I drew a very good antelope tag this year. The chance of killing an exceptional buck were high, and if not for some bad luck that may have happened. It takes about 10 preference points to draw this unit, and it just so happened that a few other good friends were also sitting on a pile of points. So we all put in as a group.
Two weeks before the season we went up and picked out some water holes. Then set up mock blinds with t-posts and burlap to give the antelope a chance to get used to seeing "something" by their waterhole. Two days before the season we swapped out our mock blinds for our real blinds and then just waited...and waited, and waited, which can often times be the whole story when antelope hunting!
Another hunter in my group killed this buck
One of the greatest things you can do if you're going to spend time in a hot blind is lay down a carpet! It keeps the dust down, keeps the bugs out, and allows you to lay or kneel down comfortabley. It also tremendously helps you to move about quietly. I bought this carpet at Home Depot for $17.95. It turned out to be the best thing I did on this entire trip. When you're in a 100 degree blind for 15 hours a day you need all the comfort you can get!
There was an incredible amount of does and fawns coming in to the water hole.
I had antelope bedded within 50 yards for the majority of the day.
The wind was howling the first day. It was blowing so hard that water was coming out of the top of the water tank and pooling on the ground. Some of the spookier antelope chose to drink off of the ground, as far away from the blind as they could get. This turned out to be a problem, as you'll see in a little bit.
I had a better shot to one side of the blind so I put up a wire, hoping to drive the antelope to the side that gave me the best shooting opportunity. It didn't always work...
At the end of the first day this great buck came in to my waterhole. He drank out the puddle on the ground like the small buck in the above pictures. I had to get off of my chair and reposition myself in the blind, I had to shoot off of my knees, which is not a problem. I had taken off my boots and set them against the wall of the blind. I did not know that one of my boots fell off of the wall, and when I shot at this buck my bottom limb hit the boot. My arrow about did cartwheels and thankfully it missed this buck without wounding him. So I just watched him walk away.
I also had some other visitors come to water.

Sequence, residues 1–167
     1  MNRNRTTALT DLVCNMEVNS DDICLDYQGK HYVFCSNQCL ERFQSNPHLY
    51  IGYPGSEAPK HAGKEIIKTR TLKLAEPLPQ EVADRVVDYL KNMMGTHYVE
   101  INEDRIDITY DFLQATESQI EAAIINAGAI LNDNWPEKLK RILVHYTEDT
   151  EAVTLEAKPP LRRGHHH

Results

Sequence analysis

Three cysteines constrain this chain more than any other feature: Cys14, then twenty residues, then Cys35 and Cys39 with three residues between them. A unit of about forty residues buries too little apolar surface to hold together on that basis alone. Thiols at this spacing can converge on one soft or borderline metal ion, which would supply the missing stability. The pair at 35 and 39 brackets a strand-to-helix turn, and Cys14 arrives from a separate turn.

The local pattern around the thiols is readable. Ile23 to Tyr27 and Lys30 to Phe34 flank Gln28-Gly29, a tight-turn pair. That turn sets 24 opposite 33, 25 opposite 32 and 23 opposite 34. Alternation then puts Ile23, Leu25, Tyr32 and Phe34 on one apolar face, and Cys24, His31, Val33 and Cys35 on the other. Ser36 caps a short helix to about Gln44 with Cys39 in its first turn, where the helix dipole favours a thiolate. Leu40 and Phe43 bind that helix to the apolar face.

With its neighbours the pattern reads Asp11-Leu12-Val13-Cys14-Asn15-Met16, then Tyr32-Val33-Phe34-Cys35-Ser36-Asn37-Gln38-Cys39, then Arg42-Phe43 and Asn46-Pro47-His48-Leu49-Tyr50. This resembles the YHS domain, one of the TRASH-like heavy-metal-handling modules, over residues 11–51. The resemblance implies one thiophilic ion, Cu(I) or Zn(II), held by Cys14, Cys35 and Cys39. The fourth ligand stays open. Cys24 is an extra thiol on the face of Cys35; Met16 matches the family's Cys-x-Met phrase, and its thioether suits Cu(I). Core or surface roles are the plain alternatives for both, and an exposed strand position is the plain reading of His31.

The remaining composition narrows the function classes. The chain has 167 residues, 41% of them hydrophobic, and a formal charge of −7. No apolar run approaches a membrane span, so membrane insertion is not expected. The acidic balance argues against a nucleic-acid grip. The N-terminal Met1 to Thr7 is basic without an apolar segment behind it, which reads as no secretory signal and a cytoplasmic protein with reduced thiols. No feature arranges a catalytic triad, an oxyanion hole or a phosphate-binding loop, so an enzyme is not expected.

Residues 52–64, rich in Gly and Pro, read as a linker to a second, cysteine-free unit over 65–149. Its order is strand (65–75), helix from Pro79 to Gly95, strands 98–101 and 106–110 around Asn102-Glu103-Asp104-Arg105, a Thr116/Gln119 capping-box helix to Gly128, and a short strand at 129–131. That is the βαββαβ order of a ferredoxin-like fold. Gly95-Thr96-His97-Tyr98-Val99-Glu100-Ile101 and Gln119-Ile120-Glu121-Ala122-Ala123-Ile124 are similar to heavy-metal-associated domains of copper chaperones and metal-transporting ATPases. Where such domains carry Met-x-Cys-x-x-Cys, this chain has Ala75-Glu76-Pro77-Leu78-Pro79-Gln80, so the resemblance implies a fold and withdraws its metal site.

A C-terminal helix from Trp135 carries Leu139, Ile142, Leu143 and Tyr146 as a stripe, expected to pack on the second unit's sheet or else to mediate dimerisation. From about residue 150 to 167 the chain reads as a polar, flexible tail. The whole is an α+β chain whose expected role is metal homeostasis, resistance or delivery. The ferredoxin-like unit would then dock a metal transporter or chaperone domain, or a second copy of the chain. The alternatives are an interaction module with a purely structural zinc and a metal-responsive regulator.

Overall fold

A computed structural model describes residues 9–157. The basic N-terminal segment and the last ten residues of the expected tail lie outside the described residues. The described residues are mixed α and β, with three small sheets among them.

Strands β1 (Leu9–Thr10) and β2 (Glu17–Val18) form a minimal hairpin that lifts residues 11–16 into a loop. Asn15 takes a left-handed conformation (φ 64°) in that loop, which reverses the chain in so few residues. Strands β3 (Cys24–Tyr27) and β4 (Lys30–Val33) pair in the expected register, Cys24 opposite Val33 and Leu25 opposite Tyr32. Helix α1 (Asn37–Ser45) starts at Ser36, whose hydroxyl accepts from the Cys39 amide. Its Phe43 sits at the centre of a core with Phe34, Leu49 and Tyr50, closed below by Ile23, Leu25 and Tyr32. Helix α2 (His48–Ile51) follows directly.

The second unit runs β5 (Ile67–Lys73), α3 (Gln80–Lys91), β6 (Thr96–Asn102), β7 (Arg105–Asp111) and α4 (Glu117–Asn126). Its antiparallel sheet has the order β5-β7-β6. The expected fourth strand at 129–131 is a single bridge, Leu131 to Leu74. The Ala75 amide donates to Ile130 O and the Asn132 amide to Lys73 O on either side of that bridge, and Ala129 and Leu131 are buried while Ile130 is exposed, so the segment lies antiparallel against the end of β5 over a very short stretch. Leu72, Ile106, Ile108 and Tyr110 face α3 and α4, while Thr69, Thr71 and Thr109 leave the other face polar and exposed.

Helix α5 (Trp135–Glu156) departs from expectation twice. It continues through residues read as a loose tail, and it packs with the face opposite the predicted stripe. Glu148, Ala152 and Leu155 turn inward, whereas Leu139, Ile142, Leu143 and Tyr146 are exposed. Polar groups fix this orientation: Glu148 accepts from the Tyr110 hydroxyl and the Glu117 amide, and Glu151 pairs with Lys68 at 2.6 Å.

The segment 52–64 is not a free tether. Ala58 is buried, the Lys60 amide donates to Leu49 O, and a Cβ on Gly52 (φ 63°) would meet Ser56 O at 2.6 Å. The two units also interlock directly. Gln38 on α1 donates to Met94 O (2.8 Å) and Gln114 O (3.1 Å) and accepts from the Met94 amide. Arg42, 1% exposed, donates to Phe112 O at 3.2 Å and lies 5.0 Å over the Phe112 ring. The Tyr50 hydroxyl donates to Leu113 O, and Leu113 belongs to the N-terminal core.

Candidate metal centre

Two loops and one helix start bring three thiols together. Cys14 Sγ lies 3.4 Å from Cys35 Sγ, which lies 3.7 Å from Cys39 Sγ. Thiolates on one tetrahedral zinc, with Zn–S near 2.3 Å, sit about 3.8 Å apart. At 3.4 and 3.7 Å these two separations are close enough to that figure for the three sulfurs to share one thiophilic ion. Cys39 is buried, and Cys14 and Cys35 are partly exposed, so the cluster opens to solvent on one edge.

I rarely go two minutes without checking what's coming in, and I almost NEVER sleep. But on the third morning of the hunt I was getting tired. Before it was light enough to shoot I thought I'd just lie down for a bit and then get back up. Well I have no idea how long I slept for, but when I woke up I had this guy bedded down about 30 yards away. Did the big one come in while I slept??? I guess I'll never know.
Three days in a hot blind can do crazy things to a guys mind. With a busy archery store to get back to and a ten month old son at home I started to look a little harder at some of the smaller bucks.
When this guy came in to the water hole I asked myself if I would be happy to shoot him and the answer was a resounding YES!
So I shot at the 41st antelope to drink from my tank in two and a half days. 100 yards later there he lay.
Hawk recurve and a Snuffer broadhead. 200 grains up front, and 550grains of total arrow weight. My arrow passed through the antelope and never slowed down. The antelope only ran about 100 yards. I was pleased with my results.
Tracy was one of the other hunters that came on this trip. He had maybe the worst luck of all of us. For three straight days, 15 hours a day, Tracy sat in a 100 degree blind without a single antelope coming within 500 yards of him. On the fourth day, after everybody but him had killed a buck, Tracy went and sat on the waterhole I was on. About noon this great buck came in, and Tracy's long wait was over.
So there was this other guy, a friend of a friend type of thing who drew the same tag as us. He ended up sharing camp with us. It was a great surprise to see that Todd was a traditional shooter. I wound up immensely enjoying his company. We talked all sorts of bows, broadheads, you name it. Todd shot this on the 5th day of the hunt. Todd shot a Voodoo longbow, the riser was actually made out of an elk antler of all things.
On this first day of the hunt Brandon shot this great buck. He was the first in our group who was done, about 4pm on the first day. Brandon is one of the most accomplished hunters and best shots around. He shoots a Matthews.